Restoring Civility in Politics

KPBS Community Hero Imam Taha Hassane
KPBS Community Hero Imam Taha Hassane, Director of the Islamic Center of San Diego, answered questions during his on-stage interview with KPBS Roundtable anchor Mark Sauer,

The desire for civility among Americans has no party favorites.

According to a survey commissioned by Allegheny College, a large majority – 95 percent – of Americans believe civility in politics is important for a healthy democracy. In addition, 87 percent of those same respondents believe it’s possible for individuals to disagree about politics respectfully.

These numbers also reflect research showing the immediacy of the topic in today’s environment.

Civility Challenge in U.S.
Civility remains a critical challenge in the U.S., according to a report from Weber Shandwick, Powell Tate and KRC Research.

Unfortunately, in recent years the political climate has dissolved to create more divisiveness within our communities. Leaders on both sides of the political spectrum have opted to focus on what divides us instead of what unites us.

As a result, the subsequent impacts are too significant to count – from greater distrust in our institutions to an increase in hate crimes and racial bullying.

It’s essential that we all work together to create an environment that respects all people.

Leading by Example

On June 18, community members and local leaders came together to discuss civility in politics at the latest KPBS Community Heroes event, hosted in partnership with the National Conflict Resolution Center and sponsored by The San Diego Foundation Center for Civic Engagement.

At the event, Imam Taha Hassane, Director of the Islamic Center of San Diego, was honored as the KPBS Community Hero thanks to his efforts to promote civility and social justice in the San Diego region.

His longtime commitment to civility throughout the county is a shining example of how the community could model itself when working with those of different faiths, backgrounds and beliefs.

Disagreement is inevitable and healthy, but without reason and respect it will be challenging for our society to evolve.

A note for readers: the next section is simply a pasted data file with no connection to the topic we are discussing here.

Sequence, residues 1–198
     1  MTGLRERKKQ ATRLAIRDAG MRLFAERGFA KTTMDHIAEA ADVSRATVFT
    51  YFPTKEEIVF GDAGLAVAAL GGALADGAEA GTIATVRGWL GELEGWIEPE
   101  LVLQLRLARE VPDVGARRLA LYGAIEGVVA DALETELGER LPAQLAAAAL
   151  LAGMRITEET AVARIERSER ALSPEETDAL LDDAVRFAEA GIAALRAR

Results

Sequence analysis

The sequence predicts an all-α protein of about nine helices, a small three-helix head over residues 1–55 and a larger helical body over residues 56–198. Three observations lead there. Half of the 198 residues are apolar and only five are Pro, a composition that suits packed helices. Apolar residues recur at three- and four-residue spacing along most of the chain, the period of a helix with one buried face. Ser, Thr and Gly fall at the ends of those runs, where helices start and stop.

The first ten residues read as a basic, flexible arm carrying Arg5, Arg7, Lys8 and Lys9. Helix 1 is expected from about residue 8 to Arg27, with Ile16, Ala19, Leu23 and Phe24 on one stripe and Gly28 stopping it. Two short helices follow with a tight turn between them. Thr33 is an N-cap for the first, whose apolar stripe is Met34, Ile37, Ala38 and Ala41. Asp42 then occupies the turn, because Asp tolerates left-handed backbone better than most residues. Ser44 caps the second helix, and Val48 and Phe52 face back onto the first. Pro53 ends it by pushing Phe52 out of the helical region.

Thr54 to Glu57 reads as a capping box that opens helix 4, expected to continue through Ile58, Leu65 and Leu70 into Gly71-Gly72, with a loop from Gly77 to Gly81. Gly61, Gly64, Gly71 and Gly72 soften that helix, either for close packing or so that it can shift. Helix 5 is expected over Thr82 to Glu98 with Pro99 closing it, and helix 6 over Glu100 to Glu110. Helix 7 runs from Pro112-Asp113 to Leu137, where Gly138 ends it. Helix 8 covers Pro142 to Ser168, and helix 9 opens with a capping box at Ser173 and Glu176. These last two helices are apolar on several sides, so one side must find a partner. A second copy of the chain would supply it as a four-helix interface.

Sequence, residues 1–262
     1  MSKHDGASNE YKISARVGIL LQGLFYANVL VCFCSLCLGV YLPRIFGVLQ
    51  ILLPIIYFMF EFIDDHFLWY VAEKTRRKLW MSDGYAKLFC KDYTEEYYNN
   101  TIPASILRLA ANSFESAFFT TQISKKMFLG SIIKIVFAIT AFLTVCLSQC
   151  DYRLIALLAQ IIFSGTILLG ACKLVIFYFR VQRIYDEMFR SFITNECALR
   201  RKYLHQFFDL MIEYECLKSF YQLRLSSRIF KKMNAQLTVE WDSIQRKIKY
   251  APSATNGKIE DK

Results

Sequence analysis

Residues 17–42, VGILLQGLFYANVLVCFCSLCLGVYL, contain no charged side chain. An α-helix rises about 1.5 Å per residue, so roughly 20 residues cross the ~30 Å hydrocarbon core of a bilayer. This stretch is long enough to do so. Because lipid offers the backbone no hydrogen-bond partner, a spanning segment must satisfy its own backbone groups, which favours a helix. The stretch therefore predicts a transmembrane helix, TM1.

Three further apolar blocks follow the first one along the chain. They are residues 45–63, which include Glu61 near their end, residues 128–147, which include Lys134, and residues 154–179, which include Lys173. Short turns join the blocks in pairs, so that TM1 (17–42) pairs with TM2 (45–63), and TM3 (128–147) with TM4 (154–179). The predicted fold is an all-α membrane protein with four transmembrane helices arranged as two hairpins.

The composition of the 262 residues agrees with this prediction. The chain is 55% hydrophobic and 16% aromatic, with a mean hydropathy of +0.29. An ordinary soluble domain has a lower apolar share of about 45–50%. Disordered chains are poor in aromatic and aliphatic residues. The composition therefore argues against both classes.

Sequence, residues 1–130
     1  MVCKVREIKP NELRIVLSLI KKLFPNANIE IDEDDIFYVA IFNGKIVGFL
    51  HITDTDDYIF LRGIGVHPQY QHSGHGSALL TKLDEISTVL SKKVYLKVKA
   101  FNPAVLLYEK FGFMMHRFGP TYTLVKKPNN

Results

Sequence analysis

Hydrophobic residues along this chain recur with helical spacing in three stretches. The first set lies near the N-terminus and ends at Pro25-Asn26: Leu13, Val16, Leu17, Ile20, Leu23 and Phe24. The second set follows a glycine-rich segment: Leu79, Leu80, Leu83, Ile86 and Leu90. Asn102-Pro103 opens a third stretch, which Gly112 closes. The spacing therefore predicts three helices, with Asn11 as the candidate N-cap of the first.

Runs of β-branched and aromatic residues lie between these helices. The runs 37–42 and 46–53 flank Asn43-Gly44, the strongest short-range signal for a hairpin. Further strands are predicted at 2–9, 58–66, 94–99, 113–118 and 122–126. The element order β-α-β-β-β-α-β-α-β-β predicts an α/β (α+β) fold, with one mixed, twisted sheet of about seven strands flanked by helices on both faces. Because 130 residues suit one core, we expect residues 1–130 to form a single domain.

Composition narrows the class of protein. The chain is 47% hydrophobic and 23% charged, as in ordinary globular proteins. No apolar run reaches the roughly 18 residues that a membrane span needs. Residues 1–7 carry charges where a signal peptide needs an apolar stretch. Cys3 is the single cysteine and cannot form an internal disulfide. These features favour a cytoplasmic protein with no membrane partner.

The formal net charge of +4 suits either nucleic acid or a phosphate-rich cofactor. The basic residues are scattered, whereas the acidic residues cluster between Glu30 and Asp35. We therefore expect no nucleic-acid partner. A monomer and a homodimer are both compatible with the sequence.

“Democracy flourishes when people can debate ideas respectfully,” shared Hassane during his on-stage interview with KPBS Roundtable anchor Mark Sauer. Attendees in the room took those words literally as they broke into small group discussions to dive deeper into the topic of civility.

When asked what could be done to improve the current environment, many cited the need for a “stronger commitment to civil discourse in youth education,” while others emphasized the importance of “building relationships through shared, non-political activities.”

See more actionable ideas from the small group discussions here

Turning Conversation into Action

Hassane’s closing comments paved the way for a positive future.

He commented, “I believe at this moment our country is going through a major test. I believe that with more effort, by dedicating more time and energy to reach out to as many people as possible in this society and the nation, and by opening the channels of conversation with them, things will be fine in the future.”

The KPBS Community Heroes event reinforced how important it is to prioritize the values and qualities that unite us as neighbors and San Diegans.

Everyone has a role to play in building a more civil society.

Whether it is through community service, our faiths or family traditions, there are countless ways to come together and find common ground in a civil and productive manner.

Whether it is through community service, our faiths or family traditions, we can all find ways to heed Hassane’s advice and come together to find common ground in a civil and productive manner.

Help keep civil dialogue a priority in San Diego by contributing to the Center for Civic Engagement.

Support the Center for Civic Engagement